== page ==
|Bella Kingnarmer was injured at Tucson Greyhound Park in 2009|
"The Department of Racing has not 'denied' GREY2K USA access to any public records it maintains."This response is not only disingenuous, it is deeply misleading. The fact is, the Department of Racing is using a sneaky tactic to prevent the public from having access to information about greyhound injuries. GREY2K USA immediately responded to Walsh, and addressed this sneaky tactic.
Below, you will find a full copy of our letter. A digital copy, with endnotes and supporting documentation can be downloaded here. Hopefully, the Department will soon realize that this wrongheaded policy must end, and will provide the public with information about greyhound injuries.
"August 16, 2012
William J. Walsh, Director
Arizona Department of Racing
1110 West Washington St., Suite 260
Phoenix, AZ 85007
Dear Director Walsh,
Thank you for your correspondence dated August 15, 2012. Please consider this a formal response to your letter.
Without question, the Arizona Department of Racing is willfully violating the Arizona Public Records Law. Specifically, the Department is intentionally not keeping physical possession of records related to greyhound injuries at Tucson Greyhound Park, in a patently obvious attempt to prevent such records from entering the public domain.
Greyhound injury records were produced as public documents in Arizona until approximately November 2009, when the Department opted to begin skirting the public information law. Additionally, they are public documents in other jurisdictions, including West Virginia, Iowa and Texas.
This “hide and seek” tactic to skirt public information laws is not new. In fact, in 1993 an individual named Steve Barham withdrew his application to become the next Director of the Arizona Department of Racing after he admitted using this same tactic in another state. The Arizona Republic Editorial Board addressed this issue forcefully:
“What Arizona did not need was an individual who willfully would seek to come up with creative means to cut off public access absent legal justification.”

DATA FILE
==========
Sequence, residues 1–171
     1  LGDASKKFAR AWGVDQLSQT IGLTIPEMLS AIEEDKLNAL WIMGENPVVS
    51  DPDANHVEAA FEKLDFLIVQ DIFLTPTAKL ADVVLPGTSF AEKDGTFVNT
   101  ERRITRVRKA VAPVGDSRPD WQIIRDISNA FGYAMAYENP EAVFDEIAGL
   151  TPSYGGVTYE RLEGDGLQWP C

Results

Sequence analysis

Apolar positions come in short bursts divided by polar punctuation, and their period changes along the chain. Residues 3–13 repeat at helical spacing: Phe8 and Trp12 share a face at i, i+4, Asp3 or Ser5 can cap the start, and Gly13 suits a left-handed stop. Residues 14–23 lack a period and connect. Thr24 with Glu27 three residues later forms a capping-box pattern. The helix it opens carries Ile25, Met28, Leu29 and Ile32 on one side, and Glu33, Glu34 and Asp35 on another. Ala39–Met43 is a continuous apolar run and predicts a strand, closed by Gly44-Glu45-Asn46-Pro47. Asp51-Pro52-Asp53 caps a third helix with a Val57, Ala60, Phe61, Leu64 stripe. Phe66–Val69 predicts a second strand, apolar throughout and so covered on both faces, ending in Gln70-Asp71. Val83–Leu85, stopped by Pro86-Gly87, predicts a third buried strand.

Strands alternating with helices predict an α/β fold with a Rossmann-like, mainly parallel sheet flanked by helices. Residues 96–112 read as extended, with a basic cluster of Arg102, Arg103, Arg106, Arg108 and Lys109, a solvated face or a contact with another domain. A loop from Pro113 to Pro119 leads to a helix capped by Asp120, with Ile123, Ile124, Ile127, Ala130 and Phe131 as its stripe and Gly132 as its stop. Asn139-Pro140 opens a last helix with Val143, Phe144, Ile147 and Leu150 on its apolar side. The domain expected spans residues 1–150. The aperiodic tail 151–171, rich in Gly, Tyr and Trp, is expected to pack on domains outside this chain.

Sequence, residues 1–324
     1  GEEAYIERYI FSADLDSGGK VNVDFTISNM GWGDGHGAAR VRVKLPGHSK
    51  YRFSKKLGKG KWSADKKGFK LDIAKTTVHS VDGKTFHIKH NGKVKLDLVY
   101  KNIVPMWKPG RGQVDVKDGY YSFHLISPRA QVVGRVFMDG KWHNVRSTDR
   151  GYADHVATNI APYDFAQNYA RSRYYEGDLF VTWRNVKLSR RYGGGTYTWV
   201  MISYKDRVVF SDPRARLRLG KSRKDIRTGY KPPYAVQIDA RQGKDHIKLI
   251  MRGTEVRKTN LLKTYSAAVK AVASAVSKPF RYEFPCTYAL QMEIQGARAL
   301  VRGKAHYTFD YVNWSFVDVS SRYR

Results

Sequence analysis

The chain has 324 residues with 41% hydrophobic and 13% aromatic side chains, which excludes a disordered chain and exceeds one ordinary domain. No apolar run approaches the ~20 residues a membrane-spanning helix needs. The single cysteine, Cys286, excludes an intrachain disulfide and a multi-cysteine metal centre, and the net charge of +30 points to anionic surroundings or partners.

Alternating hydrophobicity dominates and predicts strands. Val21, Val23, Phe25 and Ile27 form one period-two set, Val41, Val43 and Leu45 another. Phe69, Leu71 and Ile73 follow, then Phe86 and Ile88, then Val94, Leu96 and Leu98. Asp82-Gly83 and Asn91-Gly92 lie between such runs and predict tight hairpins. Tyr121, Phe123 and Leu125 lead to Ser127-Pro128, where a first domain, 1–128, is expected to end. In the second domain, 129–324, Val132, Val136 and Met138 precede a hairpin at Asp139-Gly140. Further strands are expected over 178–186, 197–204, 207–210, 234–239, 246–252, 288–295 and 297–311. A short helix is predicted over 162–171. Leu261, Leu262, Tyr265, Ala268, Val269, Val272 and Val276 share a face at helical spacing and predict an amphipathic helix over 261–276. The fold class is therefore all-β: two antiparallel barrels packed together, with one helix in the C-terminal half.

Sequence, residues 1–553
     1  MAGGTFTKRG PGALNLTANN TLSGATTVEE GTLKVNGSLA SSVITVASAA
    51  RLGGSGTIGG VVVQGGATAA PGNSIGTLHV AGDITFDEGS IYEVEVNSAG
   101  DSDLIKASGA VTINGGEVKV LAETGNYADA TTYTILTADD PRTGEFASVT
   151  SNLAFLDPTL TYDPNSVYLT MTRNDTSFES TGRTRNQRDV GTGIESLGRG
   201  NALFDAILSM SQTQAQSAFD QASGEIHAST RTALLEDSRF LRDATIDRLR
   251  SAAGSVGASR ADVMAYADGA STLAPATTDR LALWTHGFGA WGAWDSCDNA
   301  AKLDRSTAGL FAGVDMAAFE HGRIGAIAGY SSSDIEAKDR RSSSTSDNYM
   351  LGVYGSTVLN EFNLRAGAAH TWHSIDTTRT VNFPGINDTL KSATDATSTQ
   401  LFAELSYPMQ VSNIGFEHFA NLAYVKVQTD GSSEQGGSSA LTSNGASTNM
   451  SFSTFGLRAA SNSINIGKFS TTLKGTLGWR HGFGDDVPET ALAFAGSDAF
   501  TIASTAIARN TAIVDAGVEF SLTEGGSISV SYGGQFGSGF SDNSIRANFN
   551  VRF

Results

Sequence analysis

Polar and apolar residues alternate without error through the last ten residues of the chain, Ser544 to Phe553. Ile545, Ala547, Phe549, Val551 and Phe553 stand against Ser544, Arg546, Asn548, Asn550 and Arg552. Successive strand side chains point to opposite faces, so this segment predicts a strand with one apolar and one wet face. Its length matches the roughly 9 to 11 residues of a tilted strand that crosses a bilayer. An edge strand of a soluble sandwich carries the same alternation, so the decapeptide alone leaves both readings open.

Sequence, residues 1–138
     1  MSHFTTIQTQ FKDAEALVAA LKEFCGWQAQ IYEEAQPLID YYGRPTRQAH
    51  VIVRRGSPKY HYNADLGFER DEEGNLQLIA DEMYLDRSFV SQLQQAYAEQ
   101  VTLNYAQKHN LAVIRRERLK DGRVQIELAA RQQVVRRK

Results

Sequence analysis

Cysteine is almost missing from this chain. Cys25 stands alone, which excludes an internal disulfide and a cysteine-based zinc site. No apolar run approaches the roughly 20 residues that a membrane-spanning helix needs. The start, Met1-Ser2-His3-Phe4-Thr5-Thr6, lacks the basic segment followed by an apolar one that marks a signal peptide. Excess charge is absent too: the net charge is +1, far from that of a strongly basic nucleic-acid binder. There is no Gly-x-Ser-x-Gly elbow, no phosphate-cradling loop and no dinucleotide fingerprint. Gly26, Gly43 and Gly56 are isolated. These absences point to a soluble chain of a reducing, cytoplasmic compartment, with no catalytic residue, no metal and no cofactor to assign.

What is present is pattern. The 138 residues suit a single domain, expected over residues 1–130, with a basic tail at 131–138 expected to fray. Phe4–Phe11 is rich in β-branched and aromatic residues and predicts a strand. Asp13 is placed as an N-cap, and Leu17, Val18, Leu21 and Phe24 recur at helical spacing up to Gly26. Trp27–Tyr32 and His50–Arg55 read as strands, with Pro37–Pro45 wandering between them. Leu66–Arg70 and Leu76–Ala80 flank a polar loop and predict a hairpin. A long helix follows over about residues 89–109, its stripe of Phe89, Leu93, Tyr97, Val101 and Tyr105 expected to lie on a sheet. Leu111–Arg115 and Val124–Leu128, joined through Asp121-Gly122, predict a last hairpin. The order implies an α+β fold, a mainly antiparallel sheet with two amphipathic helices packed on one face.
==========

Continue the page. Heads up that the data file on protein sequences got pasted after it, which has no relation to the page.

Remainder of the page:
Attached, you will find a full copy of the Arizona Republic Editorial.
Additionally, this is not the first time the Department has shown a disregard for public transparency. For example:
· On July 15, 2012 Arizona Racing Commissioner Rory Goree publicly stated that he was “mulling some bill ideas” to make public information requests much more difficult.
· On September 12, 2011 Arizona Department of Racing Director Lonny Powell forwarded a message about dogs racing in extreme temperatures at Tucson Greyhound Park to various racetrack lobbyists and executives. At the top of his message, in large font, he wrote “Please…no e-mail responses back…….”
Without question, the reports that were released prior to November 2009 demonstrate a serious problem. Specifically, between January 2007 and November 2009, 923 greyhound injuries were reported at Arizona racetracks. The most common injury was a broken leg, and other reported injuries included fractures, sprains, dislocations, muscle tears and strains, lacerations, a cracked skull, broken backs, heat stroke, puncture wounds and paralysis. Most greyhound injuries reported during this period were serious, and 67 were fatal or resulted in euthanasia. For example:
· On April 11, 2009 a one-year-old brindle greyhound named Oxbow Savage died after he suffered a broken skull during a race at Tucson Greyhound Park. The official injury report included the statement “Dangerous track – too wet!”
· On February 23, 2007 a four-year-old white and brindle greyhound named Too Tall Sky was euthanized after he suffered a back injury during a race at Tucson Greyhound Park and had “no feeling” in his tail and rear legs.
· On August 12, 2009 a two-year-old brindle greyhound named Boc’s Flamingo was euthanized after suffering a broken leg during a race at Tucson Greyhound Park. According to the official injury report “surgical repair” was recommended but instead the individual responsible for the dog “decided on euthanasia.”
The public deserves to have access to this data, and it is not be in the best interest of the state for it to be withheld. We can only assume that the Department has chosen to block access to greyhound injury data because disclosure would not be in the financial interests of Tucson Greyhound Park.
In closing, I would like to remind you that you are not an employee of Tucson Greyhound Park. As a public official and state regulator, you represent the people of the State of Arizona. By playing hide and seek with Tucson Greyhound Park injury data, you are putting the interests of a private racetrack ahead of good public policy and the integrity of the Arizona Public Records Law. It is my hope that you will reconsider this harmful policy and once again fully adhere to both the spirit and the letter of the law.
Christine A. Dorchak, Esq., President and General Counsel, GREY2K USA